Taking the Confusion Out of Estate Planning and Administration

Whether you are creating an estate plan, administering a trust or probate estate, litigating issues regarding a trustee's or executor's breach of their fiduciary duties, or obtaining a conservatorship of a loved one, the process can be confusing and overwhelming. This is especially true since these issues often involve highly emotional matters and may involve dealing with longstanding and complex family dynamics.

At The Law Office of Carol A. Fauerbach, we help take the confusion out of these matters, address your concerns, work toward creative solutions, and guide you through the process from start to finish.

What We Do

The services provided by The Law Office of Carol A. Fauerbach include the following:

  • Trusts (Revocable Living Trusts): A trust is a legal document that provides direction about how you want your estate to be managed and distributed upon your death or upon the death of a spouse. A trust can help you and your heirs protect trust assets and avoid the need for costly and time-consuming probate or other court involvement. We can help you identify your needs and wishes regarding your estate and draft trust documents that provide clear instructions for fulfilling those wishes.
  • Wills (Last Will and Testament): A will is a legal document that names one or more persons to manage your estate upon your death and provides for the transfer of property to beneficiaries. We can help you create a will, a revocable living trust or both as part of your comprehensive estate plan.
  • Durable Power of Attorney for Health Care: This document is often referred to as an Advance Health Care Directive or Living Will. We can work with you to create a power of attorney that will enable you to designate a trusted person as your agent to carry out your specified health care wishes if you become incapacitated or incompetent.
  • Durable Power of Attorney for Financial: We can work with you to create a power of attorney that enables you to designate a trusted person as your agent to manage your financial affairs if you become incapacitated or incompetent. Powers granted can be very broad or limited to a specific transaction and can be drafted to last indefinitely or for a specified period of time.
  • Conservatorship: A conservator is someone appointed by a judge to oversee the affairs of an incapacitated or incompetent person. This can take the form of a conservatorship of the estate (financial), a conservatorship of the person (personal matters such as health care and living arrangements) or both. Whether your loved one is no longer able to properly care for themselves or they are susceptible to financial abuse due to memory loss or other issues, we can help you through the legal process to obtain court authorization that provides for their care. We also assist clients in contesting a conservatorship if they feel that the conservatorship is not in the best interest of the proposed conservatee.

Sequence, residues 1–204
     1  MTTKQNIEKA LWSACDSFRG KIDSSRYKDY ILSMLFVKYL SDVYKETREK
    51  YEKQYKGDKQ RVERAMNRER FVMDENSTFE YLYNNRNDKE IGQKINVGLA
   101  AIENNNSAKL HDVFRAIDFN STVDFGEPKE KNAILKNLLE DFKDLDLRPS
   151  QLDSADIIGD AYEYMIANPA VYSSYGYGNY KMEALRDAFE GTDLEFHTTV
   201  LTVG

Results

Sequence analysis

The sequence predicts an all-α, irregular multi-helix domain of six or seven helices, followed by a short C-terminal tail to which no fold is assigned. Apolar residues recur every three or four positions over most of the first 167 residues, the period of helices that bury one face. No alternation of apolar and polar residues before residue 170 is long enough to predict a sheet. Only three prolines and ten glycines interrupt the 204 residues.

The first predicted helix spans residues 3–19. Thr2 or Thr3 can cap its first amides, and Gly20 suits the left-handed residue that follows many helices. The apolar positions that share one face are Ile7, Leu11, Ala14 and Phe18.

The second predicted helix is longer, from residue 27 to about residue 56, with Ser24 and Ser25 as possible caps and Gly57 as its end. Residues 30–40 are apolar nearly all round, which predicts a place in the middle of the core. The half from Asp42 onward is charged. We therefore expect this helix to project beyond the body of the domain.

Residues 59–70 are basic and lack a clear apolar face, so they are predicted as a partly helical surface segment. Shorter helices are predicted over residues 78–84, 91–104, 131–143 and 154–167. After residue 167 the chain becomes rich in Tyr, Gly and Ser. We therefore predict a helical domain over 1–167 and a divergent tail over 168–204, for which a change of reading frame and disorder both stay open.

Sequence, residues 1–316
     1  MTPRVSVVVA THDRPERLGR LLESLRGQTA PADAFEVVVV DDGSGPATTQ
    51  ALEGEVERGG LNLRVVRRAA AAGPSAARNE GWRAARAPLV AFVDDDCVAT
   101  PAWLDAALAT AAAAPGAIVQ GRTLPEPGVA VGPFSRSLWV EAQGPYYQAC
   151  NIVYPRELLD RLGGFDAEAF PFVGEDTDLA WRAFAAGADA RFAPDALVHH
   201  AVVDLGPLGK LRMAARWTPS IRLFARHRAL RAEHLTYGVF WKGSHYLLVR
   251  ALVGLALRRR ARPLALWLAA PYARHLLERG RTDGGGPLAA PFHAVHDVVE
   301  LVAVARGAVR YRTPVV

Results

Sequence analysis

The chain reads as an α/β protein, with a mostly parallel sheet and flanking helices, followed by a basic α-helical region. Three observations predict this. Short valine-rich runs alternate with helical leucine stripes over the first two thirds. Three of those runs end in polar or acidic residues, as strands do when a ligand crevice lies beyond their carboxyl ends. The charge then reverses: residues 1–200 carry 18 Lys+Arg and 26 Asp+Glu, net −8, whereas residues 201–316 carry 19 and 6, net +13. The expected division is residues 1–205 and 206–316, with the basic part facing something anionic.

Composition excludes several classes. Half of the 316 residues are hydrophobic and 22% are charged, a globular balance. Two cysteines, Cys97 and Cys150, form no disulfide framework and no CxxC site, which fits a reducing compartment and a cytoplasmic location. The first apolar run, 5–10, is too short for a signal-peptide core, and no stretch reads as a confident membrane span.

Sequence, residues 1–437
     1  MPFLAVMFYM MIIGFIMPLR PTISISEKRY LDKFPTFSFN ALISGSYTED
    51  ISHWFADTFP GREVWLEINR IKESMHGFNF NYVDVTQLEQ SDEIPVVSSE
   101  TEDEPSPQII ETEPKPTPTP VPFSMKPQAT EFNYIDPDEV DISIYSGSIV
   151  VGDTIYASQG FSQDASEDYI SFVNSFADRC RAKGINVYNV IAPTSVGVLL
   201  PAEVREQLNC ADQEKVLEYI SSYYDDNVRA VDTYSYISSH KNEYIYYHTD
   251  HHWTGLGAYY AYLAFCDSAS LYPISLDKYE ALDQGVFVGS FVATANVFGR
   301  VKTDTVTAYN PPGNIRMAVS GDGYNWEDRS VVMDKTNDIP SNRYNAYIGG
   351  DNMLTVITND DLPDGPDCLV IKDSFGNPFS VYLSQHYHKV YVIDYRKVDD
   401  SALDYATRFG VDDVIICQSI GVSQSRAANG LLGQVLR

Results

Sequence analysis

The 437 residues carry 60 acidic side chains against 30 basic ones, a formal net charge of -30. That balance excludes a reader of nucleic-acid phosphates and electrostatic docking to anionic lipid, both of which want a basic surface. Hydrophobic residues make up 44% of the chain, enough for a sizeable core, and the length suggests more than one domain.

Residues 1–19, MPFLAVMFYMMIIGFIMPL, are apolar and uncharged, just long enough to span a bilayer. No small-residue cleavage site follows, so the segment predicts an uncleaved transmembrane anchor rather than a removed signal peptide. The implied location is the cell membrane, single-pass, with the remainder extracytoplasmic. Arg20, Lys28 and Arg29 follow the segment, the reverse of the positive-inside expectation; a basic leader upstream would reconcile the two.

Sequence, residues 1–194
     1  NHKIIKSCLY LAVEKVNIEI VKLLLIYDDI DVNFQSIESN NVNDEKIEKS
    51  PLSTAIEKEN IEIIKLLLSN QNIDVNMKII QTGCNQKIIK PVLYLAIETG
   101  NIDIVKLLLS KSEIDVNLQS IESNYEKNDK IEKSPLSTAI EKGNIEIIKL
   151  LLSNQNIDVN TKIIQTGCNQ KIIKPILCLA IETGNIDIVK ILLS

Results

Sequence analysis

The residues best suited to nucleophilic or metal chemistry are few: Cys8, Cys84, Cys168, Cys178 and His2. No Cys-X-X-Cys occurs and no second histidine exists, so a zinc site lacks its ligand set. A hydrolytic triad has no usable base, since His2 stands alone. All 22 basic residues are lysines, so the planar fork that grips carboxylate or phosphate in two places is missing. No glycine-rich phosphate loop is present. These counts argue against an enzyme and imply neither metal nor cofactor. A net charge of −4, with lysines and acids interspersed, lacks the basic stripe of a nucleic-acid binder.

• Probate Administration and Litigation: Probate is the court procedure required to prove that a will is valid and, with court direction, administer the estate of a person who has passed away in a way that is consistent with their wishes. It can also be a generic term for the entire process of the administration of the deceased person's estate with court supervision, whether or not the deceased person left a will. We assist clients throughout the complex probate process. We also assist beneficiaries or heirs who are concerned that the executor or administrator is not complying with their fiduciary duties, or are concerned that the will may have been procured by duress, fraud or undue influence.
  • Trust Administration and Litigation: Trust administration is the process whereby a trust administrator (Trustee) protects and manages the assets in the trust and ensures that distributions are made according to the wishes of the trust creator and the law. The Trustee must follow the terms of the trust unless those terms are illegal or impossible or unless there is a change of circumstances that allows the Trustee to deviate from the terms of the trust. We assist Trustees through the often confusing trust administration process to help them comply with both the law and the terms of the trust. We also assist trust beneficiaries who believe that the Trustee has breached their fiduciary duty, whether by not following the terms of the trust, not providing required disclosures and accountings, or not treating the trust beneficiaries fairly and equally.